Doctors shut down most services at Bangui camp

January 2, 2014
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A young neighborhood resident carries makeshift weapons, as he returns from a camp for the displaced at Mpoko Airport to fetch household goods from the Garaba neighborhood, in Bangui, Central African Republic, on New Year's Day, Wednesday, Jan. 1, 2014. Clashes between armed gangs of Muslim and Christian residents continued in the 5th Arrondissement area on Wednesday, with neighborhood residents reporting at least four people killed. In Garaba, several homes belonging to Christians were burned, and multiple Muslim homes looted. (AP Photo/Rebecca Blackwell)

DAKAR, Senegal (AP) — With bullets from nearby fighting whizzing past, Doctors Without Borders has temporarily suspended all but emergency care at the field hospital it runs inside the main refugee camp in Bangui, the capital of Central African Republic.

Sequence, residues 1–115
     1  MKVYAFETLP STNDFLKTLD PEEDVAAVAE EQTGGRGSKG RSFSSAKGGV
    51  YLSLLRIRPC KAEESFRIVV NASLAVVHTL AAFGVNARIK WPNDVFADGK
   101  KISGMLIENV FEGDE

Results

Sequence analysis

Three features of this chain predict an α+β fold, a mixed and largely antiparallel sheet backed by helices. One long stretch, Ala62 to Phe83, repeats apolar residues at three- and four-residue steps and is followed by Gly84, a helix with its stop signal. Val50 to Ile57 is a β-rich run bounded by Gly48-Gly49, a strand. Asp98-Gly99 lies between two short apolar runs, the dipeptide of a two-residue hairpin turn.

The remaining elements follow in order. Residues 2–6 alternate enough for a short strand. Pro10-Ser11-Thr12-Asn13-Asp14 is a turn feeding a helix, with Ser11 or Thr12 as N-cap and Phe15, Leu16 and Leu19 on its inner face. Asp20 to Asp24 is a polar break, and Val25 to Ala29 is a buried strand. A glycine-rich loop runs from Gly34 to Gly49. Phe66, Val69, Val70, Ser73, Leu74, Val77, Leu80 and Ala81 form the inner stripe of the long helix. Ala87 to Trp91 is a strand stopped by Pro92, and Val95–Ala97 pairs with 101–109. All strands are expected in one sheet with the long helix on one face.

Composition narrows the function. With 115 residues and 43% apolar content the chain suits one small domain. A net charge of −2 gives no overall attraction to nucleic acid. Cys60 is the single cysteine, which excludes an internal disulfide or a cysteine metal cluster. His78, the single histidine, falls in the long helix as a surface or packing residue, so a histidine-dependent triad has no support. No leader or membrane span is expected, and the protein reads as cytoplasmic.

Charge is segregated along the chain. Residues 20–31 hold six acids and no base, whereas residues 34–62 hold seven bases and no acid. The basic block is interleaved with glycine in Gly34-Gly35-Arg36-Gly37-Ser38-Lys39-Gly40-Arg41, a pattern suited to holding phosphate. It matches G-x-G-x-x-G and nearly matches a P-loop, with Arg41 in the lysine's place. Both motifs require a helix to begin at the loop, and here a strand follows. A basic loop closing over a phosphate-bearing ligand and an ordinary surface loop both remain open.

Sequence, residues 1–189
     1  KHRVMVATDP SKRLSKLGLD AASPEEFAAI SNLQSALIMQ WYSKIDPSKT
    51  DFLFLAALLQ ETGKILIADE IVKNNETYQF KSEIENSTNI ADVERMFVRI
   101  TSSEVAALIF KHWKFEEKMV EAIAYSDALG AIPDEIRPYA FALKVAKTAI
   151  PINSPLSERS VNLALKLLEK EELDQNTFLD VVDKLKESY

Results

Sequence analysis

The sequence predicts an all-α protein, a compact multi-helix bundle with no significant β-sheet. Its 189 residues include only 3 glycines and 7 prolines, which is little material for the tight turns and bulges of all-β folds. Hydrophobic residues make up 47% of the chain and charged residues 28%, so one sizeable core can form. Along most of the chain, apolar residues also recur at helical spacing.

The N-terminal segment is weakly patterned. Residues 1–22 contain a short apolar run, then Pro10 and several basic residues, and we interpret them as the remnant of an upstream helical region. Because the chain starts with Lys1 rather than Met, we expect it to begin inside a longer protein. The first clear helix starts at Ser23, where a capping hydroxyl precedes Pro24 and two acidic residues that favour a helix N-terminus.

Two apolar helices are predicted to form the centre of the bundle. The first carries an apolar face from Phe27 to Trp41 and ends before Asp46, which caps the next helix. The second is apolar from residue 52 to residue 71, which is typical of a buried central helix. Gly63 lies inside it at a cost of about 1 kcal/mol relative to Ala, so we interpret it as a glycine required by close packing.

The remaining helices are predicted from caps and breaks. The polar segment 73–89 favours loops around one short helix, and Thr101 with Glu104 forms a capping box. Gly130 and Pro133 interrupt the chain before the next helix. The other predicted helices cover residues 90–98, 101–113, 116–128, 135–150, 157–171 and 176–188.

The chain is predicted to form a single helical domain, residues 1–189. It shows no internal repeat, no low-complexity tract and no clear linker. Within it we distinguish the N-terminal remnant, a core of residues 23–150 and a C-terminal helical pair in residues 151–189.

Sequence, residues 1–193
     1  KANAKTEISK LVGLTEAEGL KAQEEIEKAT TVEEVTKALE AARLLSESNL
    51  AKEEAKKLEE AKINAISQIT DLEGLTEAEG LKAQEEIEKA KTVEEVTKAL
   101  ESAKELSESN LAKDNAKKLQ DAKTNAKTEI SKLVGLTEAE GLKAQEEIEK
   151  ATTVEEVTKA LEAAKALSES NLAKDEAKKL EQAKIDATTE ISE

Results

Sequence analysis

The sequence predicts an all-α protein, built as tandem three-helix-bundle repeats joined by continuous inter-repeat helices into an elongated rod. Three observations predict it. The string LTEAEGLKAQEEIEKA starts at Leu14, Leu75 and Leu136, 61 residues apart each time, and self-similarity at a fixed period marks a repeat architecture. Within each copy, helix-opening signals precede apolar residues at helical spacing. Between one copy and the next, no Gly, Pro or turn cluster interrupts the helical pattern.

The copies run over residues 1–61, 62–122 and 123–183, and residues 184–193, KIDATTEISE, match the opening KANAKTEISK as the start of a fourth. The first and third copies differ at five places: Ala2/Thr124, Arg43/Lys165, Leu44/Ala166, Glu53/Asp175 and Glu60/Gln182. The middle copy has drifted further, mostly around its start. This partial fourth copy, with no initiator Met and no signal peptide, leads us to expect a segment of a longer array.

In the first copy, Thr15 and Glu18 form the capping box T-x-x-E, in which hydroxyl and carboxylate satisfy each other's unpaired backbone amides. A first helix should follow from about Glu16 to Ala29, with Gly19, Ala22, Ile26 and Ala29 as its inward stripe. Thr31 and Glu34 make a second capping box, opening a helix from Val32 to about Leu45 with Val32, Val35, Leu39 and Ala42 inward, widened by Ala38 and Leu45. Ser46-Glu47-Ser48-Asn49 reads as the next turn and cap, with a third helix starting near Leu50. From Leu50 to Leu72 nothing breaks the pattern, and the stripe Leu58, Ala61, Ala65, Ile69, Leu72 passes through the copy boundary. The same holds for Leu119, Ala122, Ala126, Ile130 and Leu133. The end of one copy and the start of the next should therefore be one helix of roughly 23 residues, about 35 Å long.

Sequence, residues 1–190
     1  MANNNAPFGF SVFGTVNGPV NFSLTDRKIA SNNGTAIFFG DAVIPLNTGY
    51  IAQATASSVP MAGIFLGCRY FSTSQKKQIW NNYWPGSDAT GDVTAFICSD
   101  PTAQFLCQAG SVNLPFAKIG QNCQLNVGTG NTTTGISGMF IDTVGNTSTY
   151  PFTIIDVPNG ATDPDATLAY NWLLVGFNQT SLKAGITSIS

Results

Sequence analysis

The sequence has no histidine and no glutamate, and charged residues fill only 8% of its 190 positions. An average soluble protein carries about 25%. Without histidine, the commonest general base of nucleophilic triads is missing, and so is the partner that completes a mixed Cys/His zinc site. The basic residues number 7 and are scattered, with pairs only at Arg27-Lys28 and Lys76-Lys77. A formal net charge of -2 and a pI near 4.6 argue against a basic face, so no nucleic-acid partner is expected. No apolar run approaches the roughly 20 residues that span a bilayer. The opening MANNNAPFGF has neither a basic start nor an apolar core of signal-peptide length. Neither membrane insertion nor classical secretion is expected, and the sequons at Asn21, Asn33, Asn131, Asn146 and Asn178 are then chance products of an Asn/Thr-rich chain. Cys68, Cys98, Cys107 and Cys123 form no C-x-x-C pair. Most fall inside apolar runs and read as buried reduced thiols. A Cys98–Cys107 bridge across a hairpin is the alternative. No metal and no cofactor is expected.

Lindis Hurum, the medical charity's coordinator at the camp inside the international airport, said by telephone that her staff as well as their patients had become too exposed due to continued fighting. Stray bullets have hit people inside the camp, she said. For now, Doctors Without Borders will provide only emergency care to the more than 100,000 people living under scraps of plastic and pieces of cardboard at the airport.

An AP journalist at the scene saw lines of people bearing bullet and machete wounds waiting to be treated.